All other lectures available at Zapisy which are of type I.2 or K2 belong to Elective Courses.


Review seminars:

Institute of Computer Science

Team projects:


"Catch-up" courses:


Mandatory Core Courses

These three core courses are mandatory for all students. Their role is to give a basic toolbox for future data scientists and provide solid mathematical foundations that enable you to take more advanced and applied courses. We expect students to take them in the first two semesters.

Numerical Optimization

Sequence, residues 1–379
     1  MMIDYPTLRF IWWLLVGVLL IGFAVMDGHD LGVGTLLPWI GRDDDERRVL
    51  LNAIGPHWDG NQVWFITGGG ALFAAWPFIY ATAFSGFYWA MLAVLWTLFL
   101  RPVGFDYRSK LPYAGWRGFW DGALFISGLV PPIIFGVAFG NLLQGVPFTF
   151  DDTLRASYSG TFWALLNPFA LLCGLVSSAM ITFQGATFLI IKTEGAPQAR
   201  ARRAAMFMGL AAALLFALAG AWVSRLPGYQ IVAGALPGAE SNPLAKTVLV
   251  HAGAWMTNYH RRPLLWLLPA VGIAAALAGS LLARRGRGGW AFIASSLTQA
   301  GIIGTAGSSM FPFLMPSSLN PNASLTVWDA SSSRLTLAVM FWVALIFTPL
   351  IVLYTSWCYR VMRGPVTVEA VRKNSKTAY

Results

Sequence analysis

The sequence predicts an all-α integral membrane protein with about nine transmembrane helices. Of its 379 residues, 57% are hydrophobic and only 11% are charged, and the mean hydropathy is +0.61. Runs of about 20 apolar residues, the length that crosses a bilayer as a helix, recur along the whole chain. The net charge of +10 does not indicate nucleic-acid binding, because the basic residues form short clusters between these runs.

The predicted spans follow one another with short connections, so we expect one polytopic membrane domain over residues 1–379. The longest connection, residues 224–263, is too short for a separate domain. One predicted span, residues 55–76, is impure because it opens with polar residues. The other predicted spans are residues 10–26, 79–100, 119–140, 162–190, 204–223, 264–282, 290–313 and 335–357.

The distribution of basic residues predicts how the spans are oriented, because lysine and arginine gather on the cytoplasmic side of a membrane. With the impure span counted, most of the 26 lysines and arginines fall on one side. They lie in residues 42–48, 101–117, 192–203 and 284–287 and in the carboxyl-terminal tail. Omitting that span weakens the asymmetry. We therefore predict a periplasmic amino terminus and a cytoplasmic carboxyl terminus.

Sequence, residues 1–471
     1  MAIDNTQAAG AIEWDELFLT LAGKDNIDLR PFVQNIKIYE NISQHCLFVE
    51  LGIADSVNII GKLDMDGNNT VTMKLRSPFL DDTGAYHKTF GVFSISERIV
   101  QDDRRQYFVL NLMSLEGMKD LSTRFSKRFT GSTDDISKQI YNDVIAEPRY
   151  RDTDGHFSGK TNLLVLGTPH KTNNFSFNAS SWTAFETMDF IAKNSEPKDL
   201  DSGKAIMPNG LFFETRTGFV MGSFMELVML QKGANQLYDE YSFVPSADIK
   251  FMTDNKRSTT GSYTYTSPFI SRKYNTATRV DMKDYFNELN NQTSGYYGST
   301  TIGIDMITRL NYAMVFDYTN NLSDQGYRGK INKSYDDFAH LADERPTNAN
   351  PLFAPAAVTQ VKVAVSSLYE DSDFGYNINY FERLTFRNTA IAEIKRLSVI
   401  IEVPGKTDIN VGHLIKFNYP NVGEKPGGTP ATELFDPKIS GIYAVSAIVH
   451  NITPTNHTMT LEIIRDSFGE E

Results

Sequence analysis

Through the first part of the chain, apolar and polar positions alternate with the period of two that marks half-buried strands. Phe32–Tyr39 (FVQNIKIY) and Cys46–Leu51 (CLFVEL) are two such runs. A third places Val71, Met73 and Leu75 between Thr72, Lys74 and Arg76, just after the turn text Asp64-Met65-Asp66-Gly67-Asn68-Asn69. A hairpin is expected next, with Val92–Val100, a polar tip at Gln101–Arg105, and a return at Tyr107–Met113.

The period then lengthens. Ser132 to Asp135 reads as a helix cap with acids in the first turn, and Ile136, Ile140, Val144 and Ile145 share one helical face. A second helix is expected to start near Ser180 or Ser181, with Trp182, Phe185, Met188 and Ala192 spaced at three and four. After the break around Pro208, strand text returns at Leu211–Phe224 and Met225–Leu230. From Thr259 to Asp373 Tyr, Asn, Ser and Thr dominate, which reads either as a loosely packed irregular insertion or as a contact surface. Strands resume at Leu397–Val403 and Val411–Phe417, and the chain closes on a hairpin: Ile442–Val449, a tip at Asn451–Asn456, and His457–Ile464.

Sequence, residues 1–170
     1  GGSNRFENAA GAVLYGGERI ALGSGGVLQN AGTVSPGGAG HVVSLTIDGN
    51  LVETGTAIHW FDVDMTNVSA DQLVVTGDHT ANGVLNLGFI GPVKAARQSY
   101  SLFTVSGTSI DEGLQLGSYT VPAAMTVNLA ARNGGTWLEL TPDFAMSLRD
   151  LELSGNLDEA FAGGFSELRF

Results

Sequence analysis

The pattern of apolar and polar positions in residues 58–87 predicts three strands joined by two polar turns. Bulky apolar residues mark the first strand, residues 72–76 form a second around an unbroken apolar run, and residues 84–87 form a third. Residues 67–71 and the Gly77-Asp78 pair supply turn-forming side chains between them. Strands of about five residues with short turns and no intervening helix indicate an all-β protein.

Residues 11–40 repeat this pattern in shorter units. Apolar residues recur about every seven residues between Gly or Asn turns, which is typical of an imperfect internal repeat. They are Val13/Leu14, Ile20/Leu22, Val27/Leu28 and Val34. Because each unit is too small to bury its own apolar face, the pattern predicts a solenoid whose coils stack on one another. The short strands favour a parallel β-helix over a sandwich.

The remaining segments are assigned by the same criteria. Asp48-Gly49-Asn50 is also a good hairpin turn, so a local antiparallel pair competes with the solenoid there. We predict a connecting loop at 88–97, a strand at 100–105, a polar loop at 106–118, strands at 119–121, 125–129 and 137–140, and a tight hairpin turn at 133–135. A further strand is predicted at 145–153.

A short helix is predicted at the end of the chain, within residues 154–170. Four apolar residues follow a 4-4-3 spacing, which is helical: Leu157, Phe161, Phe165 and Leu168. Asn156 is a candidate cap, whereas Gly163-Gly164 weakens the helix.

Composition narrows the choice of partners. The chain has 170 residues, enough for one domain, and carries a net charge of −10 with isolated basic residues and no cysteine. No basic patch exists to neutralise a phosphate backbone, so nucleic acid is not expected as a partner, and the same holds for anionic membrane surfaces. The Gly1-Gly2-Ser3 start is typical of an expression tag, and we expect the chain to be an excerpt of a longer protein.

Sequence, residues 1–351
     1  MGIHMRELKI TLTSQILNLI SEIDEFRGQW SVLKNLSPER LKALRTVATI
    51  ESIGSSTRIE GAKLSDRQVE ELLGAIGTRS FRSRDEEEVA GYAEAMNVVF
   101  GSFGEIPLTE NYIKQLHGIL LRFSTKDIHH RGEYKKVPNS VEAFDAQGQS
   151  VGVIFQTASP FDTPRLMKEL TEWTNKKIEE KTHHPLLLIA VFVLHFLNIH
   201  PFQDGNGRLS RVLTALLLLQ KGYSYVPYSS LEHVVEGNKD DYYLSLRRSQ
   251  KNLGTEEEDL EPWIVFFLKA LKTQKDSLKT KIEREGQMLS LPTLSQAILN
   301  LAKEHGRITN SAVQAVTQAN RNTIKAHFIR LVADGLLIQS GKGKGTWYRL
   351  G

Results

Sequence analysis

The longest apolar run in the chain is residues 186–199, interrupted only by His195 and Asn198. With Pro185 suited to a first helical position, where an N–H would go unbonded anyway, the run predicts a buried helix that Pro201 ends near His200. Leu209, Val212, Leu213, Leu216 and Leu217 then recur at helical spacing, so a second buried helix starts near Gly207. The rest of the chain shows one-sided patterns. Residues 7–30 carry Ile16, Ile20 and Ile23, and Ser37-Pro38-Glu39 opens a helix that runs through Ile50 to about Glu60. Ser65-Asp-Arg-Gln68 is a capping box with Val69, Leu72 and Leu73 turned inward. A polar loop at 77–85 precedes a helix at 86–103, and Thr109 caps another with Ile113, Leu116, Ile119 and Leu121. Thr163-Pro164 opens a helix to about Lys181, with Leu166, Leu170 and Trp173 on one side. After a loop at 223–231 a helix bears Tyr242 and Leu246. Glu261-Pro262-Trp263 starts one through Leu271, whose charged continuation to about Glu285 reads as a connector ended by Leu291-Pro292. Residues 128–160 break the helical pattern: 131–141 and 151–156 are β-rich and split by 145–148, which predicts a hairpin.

This course is a detailed survey of optimization from both a computational and theoretical perspective. Theoretical topics include convex sets, convex functions, optimization problems, least-squares, linear and quadratic programs, optimality conditions, and duality theory. Special emphasis is put on scalable numerical methods for analyzing and solving linear programs (e.g. simplex), general smooth unconstrained problems (e.g. first-order and second-order methods), quadratic programs (e.g. linear least squares), general smooth constrained problems (e.g. interior-point methods), as well as, a family of non-smooth problems (e.g. ADMM method). The applications in data sciences, such as machine learning, model fitting, and image processing, will be discussed. The computational part covers the following algorithms: gradient method, quasi-Newton methods, proximal gradient method, Nesterov’s accelerated gradient method, augmented Lagrangian method, alternating direction method of multipliers, block coordinate descent method and stochastic gradient descent method. Students complete hands-on exercises using high-level numerical software.